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Whale Journey: Connecting with the Humpback Whales, is a 28-minute evocative and experiential film about humpback whales, with stunning underwater footage that includes whales initiating contact with people. It sheds light on who these magnificent beings are--their vast intelligence, and their importance in the planet's ecosystem, containing informative quotes from scientists about cetaceans.
The intended audience is anyone with an interest in whales, from an environmental perspective of protecting whales, to the consciousness of the cetacean brain and intelligence, to interspecies communication research and experience, to those wanting to have a personal encounter with whales. This film can also be used as part of an educational program.
My first underwater encounter with humpback whales was completely unexpected. I had been swimming in the ocean with some wild spinner dolphins, and suddenly two enormous figures came into view. There was no time to feel any fear. I was immediately enveloped in what I can only describe as “immense gentleness” and I was aware of a vast consciousness. The whales cruised slowly by, maintaining eye contact with me the entire time. As they disappeared, I was filled with a euphoria that lasted three days. Then I became aware of a depth of being in me that I had not noticed before. Clearly something profound had happened, and it changed my life.
This experience with the humpback whales began an exploration into who and what whales are--their brains, minds and consciousness, why they are contacting humans after our massive slaughter of them, and their importance in not only the ocean ecosystem, but the entire ecosystem of the planet. I realized that I wanted to share this experience and information that I have researched in the way I know best, through photography and video. After three trips to Tonga to be with the humpback whales in the water and film them, I created Whale Journey.
The cetaceans are in great peril from causes such as pollution, sonar blasts, radiation, overfishing and needless slaughter. Please contact a cetacean / ocean conservation group to see how you can help. 10% of the Whale Journey proceeds are being donated to cetacean organizations.
Kathleen T. Carr, a professional and fine art photographer since 1972, lives on the Big Island of Hawaii. A former Findhorn Foundation and Esalen Institute staff photographer and Polaroid Creative Uses Consultant, she is also a photography teacher, author, and filmmaker. Her work has been exhibited internationally and has appeared in numerous books and periodicals, including several books she has authored: To Honor the Earth: Reflections on Living in Harmony with Nature (HarperSanFrancisco), Polaroid Transfers, and Polaroid Manipulations (Amphoto Books). She has been filming and photographing wild dolphins and whales for many years. Look for her forthcoming DVD on dolphins.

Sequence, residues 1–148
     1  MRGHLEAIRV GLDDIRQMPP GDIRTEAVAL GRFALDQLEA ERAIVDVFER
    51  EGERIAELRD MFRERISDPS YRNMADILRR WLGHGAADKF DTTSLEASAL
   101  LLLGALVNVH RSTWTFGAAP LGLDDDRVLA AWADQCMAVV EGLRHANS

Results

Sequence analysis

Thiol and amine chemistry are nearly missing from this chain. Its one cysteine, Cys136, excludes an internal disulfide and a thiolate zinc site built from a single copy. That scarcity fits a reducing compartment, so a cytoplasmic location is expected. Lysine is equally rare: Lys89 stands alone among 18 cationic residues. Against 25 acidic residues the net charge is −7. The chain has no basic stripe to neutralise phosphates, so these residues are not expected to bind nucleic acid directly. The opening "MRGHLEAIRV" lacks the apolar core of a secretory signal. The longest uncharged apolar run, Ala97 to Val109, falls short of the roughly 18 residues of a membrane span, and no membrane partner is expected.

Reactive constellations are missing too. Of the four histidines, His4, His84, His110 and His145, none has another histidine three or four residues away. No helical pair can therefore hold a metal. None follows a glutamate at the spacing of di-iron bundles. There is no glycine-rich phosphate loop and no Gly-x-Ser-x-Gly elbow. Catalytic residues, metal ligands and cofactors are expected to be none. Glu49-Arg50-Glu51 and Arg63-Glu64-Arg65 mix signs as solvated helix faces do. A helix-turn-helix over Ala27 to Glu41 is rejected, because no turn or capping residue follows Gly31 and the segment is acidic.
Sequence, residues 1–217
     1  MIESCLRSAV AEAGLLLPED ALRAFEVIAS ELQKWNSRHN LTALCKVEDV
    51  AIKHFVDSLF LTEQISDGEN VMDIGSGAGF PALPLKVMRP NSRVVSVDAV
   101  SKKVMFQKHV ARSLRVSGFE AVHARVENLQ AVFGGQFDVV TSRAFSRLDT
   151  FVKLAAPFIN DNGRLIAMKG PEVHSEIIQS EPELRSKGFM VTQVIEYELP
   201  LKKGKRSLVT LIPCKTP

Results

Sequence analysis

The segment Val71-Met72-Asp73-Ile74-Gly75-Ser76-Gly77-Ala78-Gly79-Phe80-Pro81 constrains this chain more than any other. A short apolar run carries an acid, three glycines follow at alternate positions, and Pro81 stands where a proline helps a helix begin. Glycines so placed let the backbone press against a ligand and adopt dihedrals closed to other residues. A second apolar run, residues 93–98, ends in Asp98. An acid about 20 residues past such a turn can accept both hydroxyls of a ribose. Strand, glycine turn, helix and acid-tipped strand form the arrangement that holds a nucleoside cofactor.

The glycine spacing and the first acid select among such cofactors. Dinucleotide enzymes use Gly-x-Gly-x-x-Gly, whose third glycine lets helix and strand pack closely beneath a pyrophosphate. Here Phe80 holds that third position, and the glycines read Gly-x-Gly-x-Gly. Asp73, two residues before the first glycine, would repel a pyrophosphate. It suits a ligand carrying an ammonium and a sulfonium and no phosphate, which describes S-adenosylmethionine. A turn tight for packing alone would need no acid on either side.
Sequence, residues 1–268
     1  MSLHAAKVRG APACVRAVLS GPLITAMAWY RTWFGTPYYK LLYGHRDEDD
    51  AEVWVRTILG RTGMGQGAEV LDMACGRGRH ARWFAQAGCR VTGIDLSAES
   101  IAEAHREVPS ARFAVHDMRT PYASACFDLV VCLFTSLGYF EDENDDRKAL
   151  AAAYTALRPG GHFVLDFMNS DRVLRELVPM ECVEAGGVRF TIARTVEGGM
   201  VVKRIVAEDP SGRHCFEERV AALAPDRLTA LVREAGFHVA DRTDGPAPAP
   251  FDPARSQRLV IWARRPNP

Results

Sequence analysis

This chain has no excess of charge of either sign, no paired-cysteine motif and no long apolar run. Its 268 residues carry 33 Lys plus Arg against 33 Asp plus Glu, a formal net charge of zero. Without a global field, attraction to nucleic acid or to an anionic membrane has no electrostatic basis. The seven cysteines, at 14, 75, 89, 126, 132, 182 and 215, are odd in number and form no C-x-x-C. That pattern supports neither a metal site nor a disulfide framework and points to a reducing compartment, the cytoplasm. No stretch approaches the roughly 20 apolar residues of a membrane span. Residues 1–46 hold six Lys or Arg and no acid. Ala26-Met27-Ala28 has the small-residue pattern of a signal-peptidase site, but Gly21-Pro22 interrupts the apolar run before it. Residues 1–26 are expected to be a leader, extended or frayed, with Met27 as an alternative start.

Video, Photographs & Editing
© Kathleen T. Carr
Post Production Assistance by Jonathan Tadross
Humpback Whales were filmed in Tonga
© Michael Hammer, keyboard
© Rebecca Schroeder, violin & vocals
© Jas Marlin, guitar, percussion, didgeridoo
© Cheryl Gama, silver flute, alto flute
© Mia Margaret, Celtic harp
Narration by Cheryl Gama
Music & Soundtrack Production by Jas Marlin
Whale sounds were recorded in Tonga & Hawaii
by Kathleen T. Carr, Lee Tepley & The Jupiter Research Foundation
Whale Journey © 2014 Kathleen T. Carr
This product is manufactured on demand using DVD-R recordable media. Amazon.com's standard return policy will apply.
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Viewers expecting to see a lot of extended shots of whales interacting underwater, with lush photography, will be let down. The film opens by saying that there is very little we know about these elusive creatures and by the end of the film, I felt unsatisfied with what little I learned after spending the 96 minutes to get through the slow and plodding documentary.
The product blurb says "We dive deep under the surface with blue whales to discover what they do at depth", yet there is very little underwater photography. Most of the film takes place above the waterline, showing the researchers in their boats, not whales. There are some aerial shots, but the camera exhibits jitter. A lot of the whale surfacing shots are taken afar with zoom lenses and seem to be standard definition shots enlarged and upscaled for HD. Some of the shots are even repeated 4 or 5 times, such as the pan of the baby whale at the end. Noticeable visual problems plague some of the shots, including color banding. I noticed some distracting artefacting problems with the sky in at least one shot.
The included "extra feature" is actually only a 6 minute short. It's in 480i. No subtitles.
Finally, the disc is not rated, but I will state that it is not for young or sensitive viewers. For its graphic depictions of dead whales (victims of ship strikes), and hunks of whale meat being sold in Tokyo, it would carry a PG-13 rating. There's even a few seconds showing a dead mother whale and an aborted whale baby washed up on a California beach, so be forewarned. This disc is not intended for young children.
To sum up: a boring, low-budget feeling documentary that disappoints. It's only minimally educational and not very entertaining. It shows people, not whales. Skip this, or just watch it on the Nat Geo channel.